II M (RO)2PR Trialkyl Phosphite Dialkyl Alkyl Phos-plinnalte Dia-lkyl Phosphono chloridate 3. i) f]) MXA RO1!C1 ROI|-R MCI R I XA Phosphonic Acid Ester XA XA Thionoor Dithio-Phosphonic Acid Ester.
wherein R, X and A are as herein before defined and R is preferably 1 to 4 carbon atoms and M is alkali metal, preferably Na or K; X is oxygen or sulfur.
Referring to the isomerization step, trialkyl phosphite is reacted in the presence of a suitable iodine containing catalyst including alkyl iodide and iodine in amounts sufficient to effect the reacton, preferably from about 0.5 to about 4 weight percent. This reaction takes place at a temperature of between about 175 and about 210 C. but preferably between about 195 C. and about 205 C. and at a pressure of between about 10 p.s.i.g. and about 60 p.s.i.g., preferably between about 45 p.s.i.g., and about 55 p.s.i.g., but most preferably as the reaction takes place in a closed vessel the system is allowed to reach its autogenous pressure. The reaction time is from about 2 to about 4 hours. The isomerization reaction is exothermic and can be carried out batchwise or continuously with the latter being preferred.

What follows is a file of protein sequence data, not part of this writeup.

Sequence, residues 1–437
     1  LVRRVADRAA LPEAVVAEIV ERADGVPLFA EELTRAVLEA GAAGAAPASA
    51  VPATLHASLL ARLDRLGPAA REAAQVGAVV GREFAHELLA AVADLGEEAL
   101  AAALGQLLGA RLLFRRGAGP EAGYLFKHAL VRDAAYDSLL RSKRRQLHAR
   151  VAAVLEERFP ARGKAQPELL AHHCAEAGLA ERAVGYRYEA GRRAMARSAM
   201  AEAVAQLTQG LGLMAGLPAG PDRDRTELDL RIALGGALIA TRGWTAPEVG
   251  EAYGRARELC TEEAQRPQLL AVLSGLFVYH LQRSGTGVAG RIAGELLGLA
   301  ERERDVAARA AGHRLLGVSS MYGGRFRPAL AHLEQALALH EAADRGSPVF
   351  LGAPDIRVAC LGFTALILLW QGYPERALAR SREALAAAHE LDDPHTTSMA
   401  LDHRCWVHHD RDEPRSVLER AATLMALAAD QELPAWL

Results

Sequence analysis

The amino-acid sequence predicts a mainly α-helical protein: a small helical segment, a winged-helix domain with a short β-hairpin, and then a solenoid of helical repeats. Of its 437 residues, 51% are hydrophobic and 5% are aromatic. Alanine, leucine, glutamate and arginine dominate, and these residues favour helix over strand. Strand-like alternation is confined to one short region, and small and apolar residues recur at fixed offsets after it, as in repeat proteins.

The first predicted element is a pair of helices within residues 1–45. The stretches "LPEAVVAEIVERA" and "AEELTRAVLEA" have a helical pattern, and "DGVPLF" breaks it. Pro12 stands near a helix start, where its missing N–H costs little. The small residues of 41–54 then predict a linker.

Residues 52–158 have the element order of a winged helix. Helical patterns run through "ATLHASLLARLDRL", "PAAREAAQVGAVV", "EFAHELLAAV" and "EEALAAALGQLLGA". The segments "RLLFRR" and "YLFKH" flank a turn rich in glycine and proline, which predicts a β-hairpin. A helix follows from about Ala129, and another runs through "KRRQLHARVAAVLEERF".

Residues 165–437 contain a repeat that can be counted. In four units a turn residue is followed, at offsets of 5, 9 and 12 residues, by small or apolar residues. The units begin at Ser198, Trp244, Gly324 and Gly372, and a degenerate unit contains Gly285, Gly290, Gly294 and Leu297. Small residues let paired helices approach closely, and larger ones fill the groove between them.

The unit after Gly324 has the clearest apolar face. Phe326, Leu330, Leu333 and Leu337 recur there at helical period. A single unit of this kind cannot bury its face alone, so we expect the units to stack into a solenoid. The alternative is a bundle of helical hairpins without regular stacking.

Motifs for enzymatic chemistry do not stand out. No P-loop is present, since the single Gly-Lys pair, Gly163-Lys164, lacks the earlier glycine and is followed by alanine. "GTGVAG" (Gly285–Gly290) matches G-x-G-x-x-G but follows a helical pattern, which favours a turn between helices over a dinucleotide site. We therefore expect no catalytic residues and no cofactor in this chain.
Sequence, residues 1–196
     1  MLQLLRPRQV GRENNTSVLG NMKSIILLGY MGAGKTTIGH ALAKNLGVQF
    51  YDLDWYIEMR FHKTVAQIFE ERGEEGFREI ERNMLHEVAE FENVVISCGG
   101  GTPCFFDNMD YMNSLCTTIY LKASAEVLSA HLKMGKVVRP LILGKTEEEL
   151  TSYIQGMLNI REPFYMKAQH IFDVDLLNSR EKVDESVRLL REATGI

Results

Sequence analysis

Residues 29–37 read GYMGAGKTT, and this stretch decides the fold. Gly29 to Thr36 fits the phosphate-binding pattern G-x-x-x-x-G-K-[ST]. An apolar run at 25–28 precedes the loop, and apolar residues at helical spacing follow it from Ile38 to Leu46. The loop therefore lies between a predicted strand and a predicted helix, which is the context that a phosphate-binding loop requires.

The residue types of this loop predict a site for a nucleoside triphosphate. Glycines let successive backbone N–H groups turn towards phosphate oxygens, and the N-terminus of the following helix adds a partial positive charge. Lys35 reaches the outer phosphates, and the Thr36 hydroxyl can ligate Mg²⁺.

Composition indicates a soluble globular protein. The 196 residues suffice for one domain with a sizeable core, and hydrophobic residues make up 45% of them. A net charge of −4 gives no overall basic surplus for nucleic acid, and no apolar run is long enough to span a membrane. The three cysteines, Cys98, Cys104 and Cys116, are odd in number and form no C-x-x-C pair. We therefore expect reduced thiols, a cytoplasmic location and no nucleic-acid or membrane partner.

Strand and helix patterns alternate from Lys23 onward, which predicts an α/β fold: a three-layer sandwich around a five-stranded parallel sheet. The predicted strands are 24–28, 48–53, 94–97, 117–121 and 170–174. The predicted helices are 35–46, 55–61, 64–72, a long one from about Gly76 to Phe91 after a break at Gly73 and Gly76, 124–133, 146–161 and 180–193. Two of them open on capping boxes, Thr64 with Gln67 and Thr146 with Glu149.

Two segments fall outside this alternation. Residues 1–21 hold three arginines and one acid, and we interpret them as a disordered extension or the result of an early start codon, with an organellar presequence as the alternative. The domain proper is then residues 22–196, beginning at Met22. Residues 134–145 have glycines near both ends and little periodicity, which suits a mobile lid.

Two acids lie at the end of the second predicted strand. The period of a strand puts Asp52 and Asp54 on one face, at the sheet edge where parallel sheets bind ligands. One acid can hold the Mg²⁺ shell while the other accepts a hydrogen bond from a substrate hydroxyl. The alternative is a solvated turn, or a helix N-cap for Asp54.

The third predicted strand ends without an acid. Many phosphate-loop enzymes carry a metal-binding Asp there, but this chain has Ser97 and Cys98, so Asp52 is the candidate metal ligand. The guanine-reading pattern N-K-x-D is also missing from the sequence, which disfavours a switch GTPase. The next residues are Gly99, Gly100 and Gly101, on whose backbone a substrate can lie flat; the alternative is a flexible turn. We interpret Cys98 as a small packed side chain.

The chloridation step involves the reaction of the dialkyl alkyl phosphonate with phosgene. This reaction takes place at atmospheric pressure in the presence of a promoter such as dimethyl formamide or under increased pressure of from about 10 to about 100 p.s.i.g., and preferably about to about p.s.i.g. without the use of a promoter. The temperature used in this step of the process is from about 40 to about 60 C. and preferably from about 45 to about 55 C. It is preferred to react the dialkyl alkyl phosphonate with the phosgene in the chloridation step without the use of a promoter at elevated pressure. One of the advantages found in carrying out the chloridation step at increased pressure without the use of a promoter is an increased reaction rate with a decrease in the excess phosgene required for the reaction.